Majical Cloudz, 'Are You Alone?', Reviewed

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“Are you alone?” — That’s quite the loaded question for an album title. It’s many things at once — an expression of sympathy, a pick up line, a vaguely menacing taunt — and on their third album, Canadian electronic pop duo Majical Cloudz manage to conjure a sound evocative of all three distinct sentiments. Like their contemporaries and associates the xx and the National, Devon Welsh and Matthew Otto have predominantly one mode — slow, moody atmospherics — and they do it very well. It doesn’t make for an enthrallingly varied listening experience, but for those listeners in the throes of heartbreak and simply romantic ennui, Are You Alone? is all the sympathy they will need.

Here’s the thing about dirges — they can be very easy to mock and very tiresome to listen to, but at certain moments, their leaden sentimentality and plodding pace can be exactly what you need, a musical EKG beating slowly to the march of your own despair. So when I say that Are You Alone? is a collection comprised entirely of dirges, twelve of them to be exact, I don’t mean that in a dismissive or disparaging way. With its themes of romantic isolation and crumbling relationships, Are You Alone? speaks directly to the dark night of the romantic soul — ideal to be queued up on Spotify at precise and very necessary moments.

The album floats by in a hazy, dreamlike state, opening with the pristine piano valedictory of “Disappeared.” Rest assured, it won’t grow much more animated after that point — all of the album’s tracks never rise above the slower end of the midtempo spectrum. The melodies rest primarily on a few notes repeated for four minutes for maximum emphasis. The title track and single “Downtown” pick up the pace a tad with burbling beats underneath the shimmering mist. Ultimately, though, much of the musical tension arises from Devon Welsh’s voice, a plaintive drone lost somewhere between the timbre of Michael Stipe and the finesse of Colin Meloy. The stark clarity of Welsh’s vocals offers a striking contrast to the zen-instrumentation of the record, proving all the more unsettling and yet deeply relaxing at the same time.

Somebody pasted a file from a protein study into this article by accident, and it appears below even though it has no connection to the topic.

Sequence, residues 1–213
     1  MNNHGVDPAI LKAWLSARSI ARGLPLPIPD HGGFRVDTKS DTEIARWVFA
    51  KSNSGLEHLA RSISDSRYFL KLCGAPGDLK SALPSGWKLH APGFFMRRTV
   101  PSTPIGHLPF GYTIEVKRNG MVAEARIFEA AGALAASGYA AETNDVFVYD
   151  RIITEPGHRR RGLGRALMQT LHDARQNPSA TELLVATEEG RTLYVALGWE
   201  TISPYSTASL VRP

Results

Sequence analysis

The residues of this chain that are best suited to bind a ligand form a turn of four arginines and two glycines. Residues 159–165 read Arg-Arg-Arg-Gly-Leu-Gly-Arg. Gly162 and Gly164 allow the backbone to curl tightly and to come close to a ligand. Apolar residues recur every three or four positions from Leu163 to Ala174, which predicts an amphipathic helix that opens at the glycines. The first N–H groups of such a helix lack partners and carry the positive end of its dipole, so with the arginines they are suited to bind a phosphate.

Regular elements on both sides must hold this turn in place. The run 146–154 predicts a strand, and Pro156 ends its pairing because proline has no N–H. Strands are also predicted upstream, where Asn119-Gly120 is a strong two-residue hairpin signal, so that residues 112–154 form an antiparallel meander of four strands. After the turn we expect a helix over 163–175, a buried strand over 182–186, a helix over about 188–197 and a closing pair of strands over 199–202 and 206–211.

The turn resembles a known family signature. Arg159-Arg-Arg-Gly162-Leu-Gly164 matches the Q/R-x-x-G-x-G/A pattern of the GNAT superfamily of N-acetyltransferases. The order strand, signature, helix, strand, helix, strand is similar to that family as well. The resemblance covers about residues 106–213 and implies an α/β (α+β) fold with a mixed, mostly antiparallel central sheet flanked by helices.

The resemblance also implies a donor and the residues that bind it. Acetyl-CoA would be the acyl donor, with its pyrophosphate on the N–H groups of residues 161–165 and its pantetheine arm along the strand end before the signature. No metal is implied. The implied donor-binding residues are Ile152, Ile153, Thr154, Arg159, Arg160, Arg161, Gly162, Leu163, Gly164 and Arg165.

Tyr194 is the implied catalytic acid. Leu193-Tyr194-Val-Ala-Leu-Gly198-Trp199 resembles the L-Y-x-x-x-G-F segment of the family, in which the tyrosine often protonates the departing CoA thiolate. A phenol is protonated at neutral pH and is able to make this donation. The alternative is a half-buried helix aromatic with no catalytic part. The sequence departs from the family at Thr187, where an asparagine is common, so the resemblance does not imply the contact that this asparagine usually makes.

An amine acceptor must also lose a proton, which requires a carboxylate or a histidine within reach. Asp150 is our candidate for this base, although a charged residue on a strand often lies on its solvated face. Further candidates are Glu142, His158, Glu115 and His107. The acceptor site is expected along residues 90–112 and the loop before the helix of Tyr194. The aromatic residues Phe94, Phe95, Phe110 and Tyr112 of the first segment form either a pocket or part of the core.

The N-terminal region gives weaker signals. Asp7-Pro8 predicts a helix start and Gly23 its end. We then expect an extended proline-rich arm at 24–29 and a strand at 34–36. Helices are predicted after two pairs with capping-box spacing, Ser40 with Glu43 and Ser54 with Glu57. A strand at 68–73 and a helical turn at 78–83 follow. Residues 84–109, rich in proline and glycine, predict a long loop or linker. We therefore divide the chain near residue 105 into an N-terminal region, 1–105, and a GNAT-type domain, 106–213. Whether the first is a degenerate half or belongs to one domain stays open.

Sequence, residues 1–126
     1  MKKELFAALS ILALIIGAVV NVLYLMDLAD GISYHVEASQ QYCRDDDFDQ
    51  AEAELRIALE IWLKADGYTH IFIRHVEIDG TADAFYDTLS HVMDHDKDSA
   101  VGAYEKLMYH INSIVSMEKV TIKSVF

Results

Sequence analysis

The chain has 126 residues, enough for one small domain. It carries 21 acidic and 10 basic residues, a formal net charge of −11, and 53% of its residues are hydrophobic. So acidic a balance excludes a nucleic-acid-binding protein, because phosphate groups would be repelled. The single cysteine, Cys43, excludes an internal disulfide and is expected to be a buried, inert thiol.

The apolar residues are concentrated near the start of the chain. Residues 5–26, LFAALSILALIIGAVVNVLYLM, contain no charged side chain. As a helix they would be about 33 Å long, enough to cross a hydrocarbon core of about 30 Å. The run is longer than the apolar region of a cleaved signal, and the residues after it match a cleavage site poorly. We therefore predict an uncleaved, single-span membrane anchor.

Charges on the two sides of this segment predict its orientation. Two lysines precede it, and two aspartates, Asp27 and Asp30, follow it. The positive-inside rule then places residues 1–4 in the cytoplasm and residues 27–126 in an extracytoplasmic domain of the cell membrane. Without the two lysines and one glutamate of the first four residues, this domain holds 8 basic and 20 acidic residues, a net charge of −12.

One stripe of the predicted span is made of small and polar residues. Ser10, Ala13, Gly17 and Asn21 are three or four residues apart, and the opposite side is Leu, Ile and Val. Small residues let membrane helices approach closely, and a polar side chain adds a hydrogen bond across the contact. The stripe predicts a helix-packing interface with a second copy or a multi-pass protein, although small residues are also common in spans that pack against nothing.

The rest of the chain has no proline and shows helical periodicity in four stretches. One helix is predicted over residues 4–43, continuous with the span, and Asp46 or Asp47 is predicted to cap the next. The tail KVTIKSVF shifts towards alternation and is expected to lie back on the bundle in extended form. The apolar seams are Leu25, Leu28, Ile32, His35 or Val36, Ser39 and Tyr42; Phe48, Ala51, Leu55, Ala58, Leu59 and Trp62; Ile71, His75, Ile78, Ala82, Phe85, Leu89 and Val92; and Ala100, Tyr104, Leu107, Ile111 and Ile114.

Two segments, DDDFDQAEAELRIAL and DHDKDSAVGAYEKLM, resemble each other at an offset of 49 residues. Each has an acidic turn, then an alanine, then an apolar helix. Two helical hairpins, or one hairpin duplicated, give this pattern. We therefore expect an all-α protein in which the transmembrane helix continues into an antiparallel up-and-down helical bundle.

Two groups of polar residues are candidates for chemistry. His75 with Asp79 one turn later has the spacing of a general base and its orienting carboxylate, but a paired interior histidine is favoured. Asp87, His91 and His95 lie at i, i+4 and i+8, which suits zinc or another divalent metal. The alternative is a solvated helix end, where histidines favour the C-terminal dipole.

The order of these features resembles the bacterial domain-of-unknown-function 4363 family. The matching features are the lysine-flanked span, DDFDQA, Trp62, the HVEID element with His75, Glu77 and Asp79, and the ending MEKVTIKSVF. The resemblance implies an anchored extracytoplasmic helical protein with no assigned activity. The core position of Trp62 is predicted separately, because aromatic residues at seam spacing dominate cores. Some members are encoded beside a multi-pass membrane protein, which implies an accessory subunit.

The album offers its loveliest triumvirate with the stretch spanning “So Blue”, “Heavy”, and “Silver Car Crash”. The mournful keyboard of “So Blue” provides the perfect backdrop as Welsh consoles his lover, only to turn the self-help sentiments onto himself. “Heavy” offers a first-person perspective of a relationship crumbling in slow motion, as Welsh drones “you’ve gotta learn to love me” that makes compromise sound like a death sentence. He makes the disaster metaphor quite literal in “Silver Car Crash”, continuing the timeless tradition of car-crashes-as-romantic-sublimation established by the Smiths’ “There Is a Light That Never Goes Out” and Pearl Jam’s cover of “Last Kiss”. “I want to kiss you, inside a car that’s crashing, and we will both die laughing” – it’s remarkably morbid and yet when Welsh follows that with “I am so hopelessly for you,” it’s quite affecting and sweet.

Are You Alone? can be a challenging listening experience, even as its trance-like state seems to discourage active listening. Its tone is simply so unrelentingly uniform that a full rotation requires a little bit of psyching up from the listener. Beneath its glistening sheen, there seems to be a more unpredictable emotion lurking beneath, a tempestuous expression waiting to show itself. Yet, Majical Cloudz remain in complete control, letting the most wounded sentiments go unsaid. As a result, the album is ultimately almost too polished, too clean for all of the messy emotions hiding underneath. There are so many moments when the music seems on the verge of exploding, but never does, and that’s ultimately to the album’s detriment. Sure, a peaceful surface of water is a beautiful thing to witness. But it’s hard not to indulge that chaotic desire that every once in a while, a ripple would rupture its tranquility. B MINUS